Theater Review: LITTLE WOMEN, THE BROADWAY MUSICAL (Chance Theater in Anaheim)

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by William C. on December 6, 2022

in Theater-Los Angeles,Theater-Regional


The four March sisters come alive on the stage of Bette Aitken theater arts Center in Anaheim. The Chance Theater’s returning production of Little Women, The Broadway Musical — book by Allan Knee, lyrics by Mindi Dickstein, music by Jason Howland — is a triumph, as well as a testament to the artistic capabilities of small local theaters everywhere. I dare you to not shed a single tear in this heartwarming and gut-wrenching production.

Camie Del Rosario, Emily Abeles, Maggie Randolph,
Katherine Chatman, and Sarah Pierce

This 2005 musical adaptation follows closely to the original semi-biographical two-volume novel with the same title by Louisa May Alcott. Vignettes centering around the four endearing March sisters, Meg, Jo, Beth and Amy, are slices of life that encapsulate many emotions and experiences which we all share while growing up. This coming-of-age novel is a time capsule of Civil War-era America but the various experiences surrounding our young heroines is universal.

Emily Abeles, Camie Del Rosario, and Sarah Pierce

Take for example, Meg, the older responsible sister, who wants to fit into the society. Her aspiration is to look after her sisters and take care of her mother yet she also wishes to start a family of her own. Standing in direct contrast, the lead heroine, Jo — the dreamer and rebel — wants nothing to do with love, marriage, or anything which confines her to the expected female domestic duties. Jo wants to be a writer, an unlikely profession for women at the time. Beth, the sweet but sickly angel, takes on the role as peacekeeper and cheerleader to her fellow sisters. Bratty Amy, the youngest sister, fantasizes of a life surrounded with finer things. Unsurprisingly, these colorful characters — watched over by their very tired single mother Marmee — bicker, love, tease and get into mischief. Themes of unconditional and romantic love and sorrow and loss permeate the family

Emily Abeles and Sarah Pierce

Another central theme is money and class. The March family lives in genteel poverty, which is to say they are raised in the ways of upper-class folks yet are penniless. Their neighbor, Mr. Lawrence is a wealthy widow who has become bitter in his solitude. In the musical version, Mr. Lawrence holds a particular disgust towards the poor March family. A similar disdain for the March sisters can be found in their Aunt Josephine March, a rich widow that has taken it upon herself to educate Jo and her fellow sisters on the cruelty of life, especially a life of poverty.

Katherine Chatman, Camie Del Rosario, Emily Abeles, Sarah Pierce

I have nothing but praise for the talented stellar cast. Sarah Pierce (Jo) is a singing sensation. Her body language, physical theater chops and stage persona has the audience emoting with her. With astounding pipes, she gives a memorable performance of the power ballad “Astonishing”. The voices blend beautifully, when Ms. Pierce is joined by Katherine Chatman (Meg), Emily Abeles (Beth), and Camie Del Rosario (Amy) in “Our Finest Dreams”, a song about sisterly love.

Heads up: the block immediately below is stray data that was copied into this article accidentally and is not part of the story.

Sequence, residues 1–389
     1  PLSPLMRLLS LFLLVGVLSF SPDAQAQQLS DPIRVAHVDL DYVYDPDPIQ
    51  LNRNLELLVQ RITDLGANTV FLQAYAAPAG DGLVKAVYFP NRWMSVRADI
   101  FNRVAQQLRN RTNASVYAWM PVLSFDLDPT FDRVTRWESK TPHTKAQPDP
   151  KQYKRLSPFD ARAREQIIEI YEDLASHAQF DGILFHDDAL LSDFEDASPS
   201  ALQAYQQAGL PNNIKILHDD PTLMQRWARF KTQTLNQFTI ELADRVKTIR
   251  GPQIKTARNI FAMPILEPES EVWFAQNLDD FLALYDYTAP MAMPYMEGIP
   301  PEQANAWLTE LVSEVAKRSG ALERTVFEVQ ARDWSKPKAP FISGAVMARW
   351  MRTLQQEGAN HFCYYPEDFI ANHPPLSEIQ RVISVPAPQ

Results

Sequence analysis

Sarah Pierce and Zac Swan Van Lent

Jennifer Spark’s portrayal of Aunt March is a class on comedic acting. Her performance in “Could You?” is a riot. A classic and iconic moment occurs when she exits the stage holding a steady look of disgust well beyond the lights. Glenn Koppel as Mr. Laurence plays a lovable grandpa and captured our hearts in his duet with Beth in “Off to Massachusetts”.  Zac Swan Van Lent (Theodore “Laurie” Laurence, young friend to the family and Jo) and Christopher Diem (John Brooke, Meg’s husband), both complement the ladies. Tucker Boyes (Professor Bhaer) blew the roof off with his sonorous and sweet voice in “Small Umbrella in the Rain”.

Jennifer Sparks and Sarah Pierce

I want to give a very special shout out to Maggie Randolph’s portrayal of Marmee March. She is very convincing as a tired but loving matriarch of this robust family. I am simply floored by her ability to deliver heartbreaking lines so beautifully. Especially in the heart-wrenching number, “Days of Plenty”. I am amazed by her ability to perform with good vocal techniques and emotion. How did she not simply not break down even as my husband and I had tears running down our faces?

Tucker Boyes and Sarah Pierce

Congratulations to director Casey Long. He has really created a wonderful piece of art. And between his sound design and James Markoski’s sound engineering skills, this is the best sound system and vocal mix that I have heard in a long time. Gabrielle Maldonado is a fantastic music director and performed beautifully on the upright piano. I truly, truly wished that the production had at least a mini-grand to support the strong voices of the cast, but Maestro Maldonado’s musical precision made up for the instrument’s deficiencies.

Glenn Koppel and Emily Abeles

Aaron McGee’s fight choreography adds much to the playfulness; Carole Zelinger’s costumes clearly signal the time period and the economic reality of the March household; Masako Tobaru’s production design reminds us of this musical’s literary origin with novel pages projected on the wall. Let’s not forget, good theater can not happen without an equally competent stage manager, Jordan Jones. Bravo to the entire production team. As a gift to yourself, go see this jewel in Orange County.

Katherine Chatman and Christopher Diem

photos by Doug Catiller and Camryn Long

Little Women — The Broadway Musical
Chance Theater
Cripe Stage @ Bette Aitken theater arts Center, 5522 E. La Palma in Anaheim
Thu at 7:30; Fri & Sat at 8; Sat & Sun at 3
ends on December 23, 2022
for tickets, call 888.455.4212 or visit Chance

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